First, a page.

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Royal Dutch Shell Plc .com: Oil Above $70 on Signs of Resilient US Demand

Published: June 22, 2006
Filed at 0:51 a.m. ET

SINGAPORE (Reuters) – Oil held firm above $70 on Thursday after a smaller-than-expected rise in U.S. gasoline stocks reignited talk of resilient oil demand in the world’s top consumer, moving inflation worries to the backburner.

U.S. light crude (CLc1) for August was up 23 cents at $70.56 a barrel by 0406 GMT, having gained 99 cents on Wednesday, its first rise in three sessions amid a gasoline-led rally.

Gasoline (HUc1) jumped 3 percent on Wednesday after U.S. government data showed a 300,000-barrel increase in gasoline stocks, despite an increase in refinery utilization, against earlier expectations of a bigger 1.2 million barrel rise.

July gasoline was up 0.50 cent at $2.0710 by 0407 GMT.

“Over $3 a gallon for gasoline in the U.S. is not really making any damage in demand. This is a strong sign,” said Tetsu Emori, chief commodities strategist at Mitsui Bussan Futures.

U.S. gasoline demand over the past four weeks stood at 9.41 million barrels per day, up 0.9 percent from a year ago.

“In all, the rumors of the demise of US demand seem to be premature,” Barclays Capital said in their weekly report.

The market shrugged off a 1.4 million barrel rise that pushed U.S. crude oil stocks to their highest in eight years.

“The oil complex is product-driven, led by gasoline and middle-distillate demand. We continue to believe that global demand growth is solid, and today’s stats reinforce that view for the U.S.,” French bank Caylon said in a report.

The data partly quelled concerns that tighter U.S. monetary policy and moves in China to curb growth could dampen demand in the world’s two largest oil customers, although figures from other big consumers have painted a fuzzy picture.

In Japan, the world’s third largest oil user, crude imports in May plunged by more than a quarter versus April as refiners shut down for heavy spring maintenance, while supplies were down only 2.7 percent from a year ago, government data showed.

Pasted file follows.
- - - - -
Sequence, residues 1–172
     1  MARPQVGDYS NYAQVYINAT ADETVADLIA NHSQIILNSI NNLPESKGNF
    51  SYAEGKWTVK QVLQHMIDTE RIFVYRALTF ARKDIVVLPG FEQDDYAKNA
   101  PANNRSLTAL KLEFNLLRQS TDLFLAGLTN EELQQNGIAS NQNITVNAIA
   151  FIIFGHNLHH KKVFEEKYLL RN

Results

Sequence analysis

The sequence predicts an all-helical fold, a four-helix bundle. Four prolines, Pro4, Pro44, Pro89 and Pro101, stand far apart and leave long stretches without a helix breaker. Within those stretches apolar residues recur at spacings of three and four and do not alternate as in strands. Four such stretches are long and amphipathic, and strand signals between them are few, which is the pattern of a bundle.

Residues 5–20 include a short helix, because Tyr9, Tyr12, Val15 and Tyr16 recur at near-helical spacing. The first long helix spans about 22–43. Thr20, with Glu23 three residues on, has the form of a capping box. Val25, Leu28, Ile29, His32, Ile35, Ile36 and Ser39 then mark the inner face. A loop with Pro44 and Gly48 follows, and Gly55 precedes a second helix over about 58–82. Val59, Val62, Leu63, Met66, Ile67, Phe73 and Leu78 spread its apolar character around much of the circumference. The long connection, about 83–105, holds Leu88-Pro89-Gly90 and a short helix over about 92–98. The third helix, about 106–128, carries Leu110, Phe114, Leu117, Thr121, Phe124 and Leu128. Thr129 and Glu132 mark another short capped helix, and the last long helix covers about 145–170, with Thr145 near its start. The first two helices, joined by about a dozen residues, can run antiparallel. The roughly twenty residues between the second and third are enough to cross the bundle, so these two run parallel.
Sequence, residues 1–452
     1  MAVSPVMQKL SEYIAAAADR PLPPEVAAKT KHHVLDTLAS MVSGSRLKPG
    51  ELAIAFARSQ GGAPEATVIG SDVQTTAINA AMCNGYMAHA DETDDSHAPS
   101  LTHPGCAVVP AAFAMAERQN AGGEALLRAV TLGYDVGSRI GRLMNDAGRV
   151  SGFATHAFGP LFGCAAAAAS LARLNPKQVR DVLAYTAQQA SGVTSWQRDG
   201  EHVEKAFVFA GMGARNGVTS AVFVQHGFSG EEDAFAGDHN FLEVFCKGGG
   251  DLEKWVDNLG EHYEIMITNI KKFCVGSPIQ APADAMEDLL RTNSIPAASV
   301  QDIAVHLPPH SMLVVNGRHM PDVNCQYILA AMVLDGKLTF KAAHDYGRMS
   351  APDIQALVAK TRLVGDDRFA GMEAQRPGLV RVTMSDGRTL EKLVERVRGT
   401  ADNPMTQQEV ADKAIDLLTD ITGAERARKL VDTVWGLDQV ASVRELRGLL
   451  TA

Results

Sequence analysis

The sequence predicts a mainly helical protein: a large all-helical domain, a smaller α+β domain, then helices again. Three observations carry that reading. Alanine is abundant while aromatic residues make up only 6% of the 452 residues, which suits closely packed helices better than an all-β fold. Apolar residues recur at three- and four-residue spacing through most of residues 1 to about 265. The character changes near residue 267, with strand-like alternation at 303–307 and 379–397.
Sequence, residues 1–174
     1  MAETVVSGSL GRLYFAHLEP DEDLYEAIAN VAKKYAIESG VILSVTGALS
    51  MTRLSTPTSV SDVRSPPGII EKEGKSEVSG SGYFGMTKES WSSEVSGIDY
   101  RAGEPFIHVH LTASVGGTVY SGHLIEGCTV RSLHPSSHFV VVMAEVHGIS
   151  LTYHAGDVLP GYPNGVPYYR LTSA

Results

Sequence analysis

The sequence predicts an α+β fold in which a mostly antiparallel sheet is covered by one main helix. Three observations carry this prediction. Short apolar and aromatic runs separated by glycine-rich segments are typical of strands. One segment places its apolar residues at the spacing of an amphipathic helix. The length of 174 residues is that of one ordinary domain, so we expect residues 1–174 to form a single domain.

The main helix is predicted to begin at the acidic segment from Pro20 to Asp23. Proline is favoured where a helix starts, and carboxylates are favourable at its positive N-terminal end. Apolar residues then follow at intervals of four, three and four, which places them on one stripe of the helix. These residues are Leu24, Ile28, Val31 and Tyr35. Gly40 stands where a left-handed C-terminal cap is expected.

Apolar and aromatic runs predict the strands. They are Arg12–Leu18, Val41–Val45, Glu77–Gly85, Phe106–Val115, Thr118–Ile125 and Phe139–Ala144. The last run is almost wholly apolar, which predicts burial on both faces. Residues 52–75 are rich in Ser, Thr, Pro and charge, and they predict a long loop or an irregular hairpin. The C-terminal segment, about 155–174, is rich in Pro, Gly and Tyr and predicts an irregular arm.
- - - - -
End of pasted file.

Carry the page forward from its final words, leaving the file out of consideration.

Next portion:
But South Korea’s domestic oil product demand rose during that same month, the first sign of growth in Asia’s fourth-largest consumer this year.IRAN TENSIONS BACK THE FRONT

The demand-supply equation remains fragile and prices have held in a $68-73 band for more than six weeks, resisting much sharper falls in other commodity markets as oil-specific geopolitical concerns limit the impulse to sell.

Tensions over Iran were rekindled on Wednesday when U.S president George W. Bush said Iran was taking too long to respond to proposals to halt its nuclear enrichment program.

Bush’s comment came after Iranian president Mahmoud Ahmadinejad said Iran would respond by August 22 to a U.S.-backed package of incentives offered early this month.

Iran, the fourth biggest oil exporter, was given an unofficial mid-July deadline to reply to the offer.

In Nigeria, Shell restarted 50,000 barrels a day of crude output after fixing a leak at a crude oil pipeline that was shut down in early June. Some 450,000 barrels a day remain shut.

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